Analytical Instrumentation

  • Could Ecommerce Demand Help Oil?

Could Ecommerce Demand Help Oil?

Nov 12 2020 Read 794 Times

The coronavirus pandemic may have sent oil prices plummeting though according to analysts, an upward trend in eCommerce could save the industry. Instead of booking flights, going to the theatre and dining at restaurants, people are spending their money online. As a result, eCommerce delivery services have experienced a surge in demand. This translates to a significant boost in demand for motor and aviation fuel.

Online orders surge in US

In the US, both freight traffic and profits have increased substantially since the coronavirus pandemic sparked lockdowns in March. The latest data from the US Federal Highway Administration suggests that in 2020 the average heavy duty truck is covering 5% more distance every month than the previous year. Demand is so high that national freight companies FedEx and UPS have been forced to set shipping limits in anticipation of the festive season. International delivery company DHL is preparing for a huge surge in demand, with representatives revealing peak shipment quantities are expected to be 50% higher than last year.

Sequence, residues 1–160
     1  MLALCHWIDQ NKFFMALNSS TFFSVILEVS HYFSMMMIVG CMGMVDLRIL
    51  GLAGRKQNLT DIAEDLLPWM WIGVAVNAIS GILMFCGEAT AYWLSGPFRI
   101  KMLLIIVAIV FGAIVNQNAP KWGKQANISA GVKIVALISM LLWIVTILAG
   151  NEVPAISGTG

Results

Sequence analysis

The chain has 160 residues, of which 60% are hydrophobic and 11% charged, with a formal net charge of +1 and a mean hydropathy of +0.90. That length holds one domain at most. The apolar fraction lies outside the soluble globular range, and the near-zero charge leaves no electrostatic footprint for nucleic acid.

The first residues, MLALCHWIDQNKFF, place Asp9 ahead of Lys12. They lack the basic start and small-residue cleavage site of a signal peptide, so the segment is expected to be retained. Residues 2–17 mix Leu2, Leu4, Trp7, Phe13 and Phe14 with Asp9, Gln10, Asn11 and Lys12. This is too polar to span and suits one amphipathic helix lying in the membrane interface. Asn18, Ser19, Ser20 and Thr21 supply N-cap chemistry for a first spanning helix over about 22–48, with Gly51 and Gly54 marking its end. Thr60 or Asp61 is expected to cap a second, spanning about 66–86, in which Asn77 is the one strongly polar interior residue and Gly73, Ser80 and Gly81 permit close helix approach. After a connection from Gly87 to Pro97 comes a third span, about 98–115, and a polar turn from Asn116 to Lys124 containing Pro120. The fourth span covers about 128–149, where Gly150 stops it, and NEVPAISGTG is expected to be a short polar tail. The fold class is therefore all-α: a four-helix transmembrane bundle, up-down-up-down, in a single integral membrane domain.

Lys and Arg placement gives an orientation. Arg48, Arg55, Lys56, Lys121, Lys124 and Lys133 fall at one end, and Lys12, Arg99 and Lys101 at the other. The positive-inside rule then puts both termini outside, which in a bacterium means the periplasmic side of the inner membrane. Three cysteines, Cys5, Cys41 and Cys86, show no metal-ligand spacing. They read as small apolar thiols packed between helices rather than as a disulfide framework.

Electric vehicles threaten oil and gas demand

While the eCommerce boom has helped the oil and gas industry stay afloat, the advent of EVs remains a major threat. Amazon recently pledged to invest in 100,000 electric delivery vans by 2030 as part of its Climate Pledge commitment. The partnership with American automotive company Rivian could significantly reduce demand for oil and gas within the eCommerce sector and encourage other delivery giants to do the same.

"The vehicle we’ve developed with Amazon is not just electric. We prioritised safety and functionality to create a vehicle that’s optimised for package delivery," says Rivian CEO RJ Scaringe. “We thought through how drivers get in and out of the van, what the work space feels like and what the work flow is for delivering packages.”

"When we set out to create our first customised electric delivery vehicle with Rivian, we knew that it needed to far surpass any other delivery vehicle," adds Ross Rachey, Director of Amazon's Global Fleet and Products. "We wanted drivers to love using it and customers to feel excited when they saw it driving through their neighbourhood and pulling up to their home. We combined Rivian’s technology with our delivery logistics knowledge, and the result is what you see here-the future of last mile delivery.”

In the face of volatility, maximising efficiency is now a top priority for energy companies. Find out more in ‘Detailed How to Measure Chlorides in Crude Oil by ASTM D4929C & Water Extraction.

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